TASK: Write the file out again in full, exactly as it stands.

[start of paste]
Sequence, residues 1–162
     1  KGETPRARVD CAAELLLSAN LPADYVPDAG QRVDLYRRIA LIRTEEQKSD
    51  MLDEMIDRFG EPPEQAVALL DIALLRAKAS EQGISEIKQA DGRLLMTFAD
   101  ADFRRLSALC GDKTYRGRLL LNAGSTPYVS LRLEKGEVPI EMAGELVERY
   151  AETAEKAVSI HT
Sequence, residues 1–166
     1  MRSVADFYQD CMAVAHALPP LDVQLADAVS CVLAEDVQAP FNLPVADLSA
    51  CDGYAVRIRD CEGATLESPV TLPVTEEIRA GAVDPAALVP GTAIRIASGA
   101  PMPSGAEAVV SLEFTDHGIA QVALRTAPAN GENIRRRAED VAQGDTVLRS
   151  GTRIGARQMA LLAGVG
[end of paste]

Sequence, residues 1–162
     1  KGETPRARVD CAAELLLSAN LPADYVPDAG QRVDLYRRIA LIRTEEQKSD
    51  MLDEMIDRFG EPPEQAVALL DIALLRAKAS EQGISEIKQA DGRLLMTFAD
   101  ADFRRLSALC GDKTYRGRLL LNAGSTPYVS LRLEKGEVPI EMAGELVERY
   151  AETAEKAVSI HT
Sequence, residues 1–166
     1  MRSVADFYQD CMAVAHALPP LDVQLADAVS CVLAEDVQAP FNLPVADLSA
    51  CDGYAVRIRD CEGATLESPV TLPVTEEIRA GAVDPAALVP GTAIRIASGA
   101  PMPSGAEAVV SLEFTDHGIA QVALRTAPAN GENIRRRAED VAQGDTVLRS
   151  GTRIGARQMA LLAGVG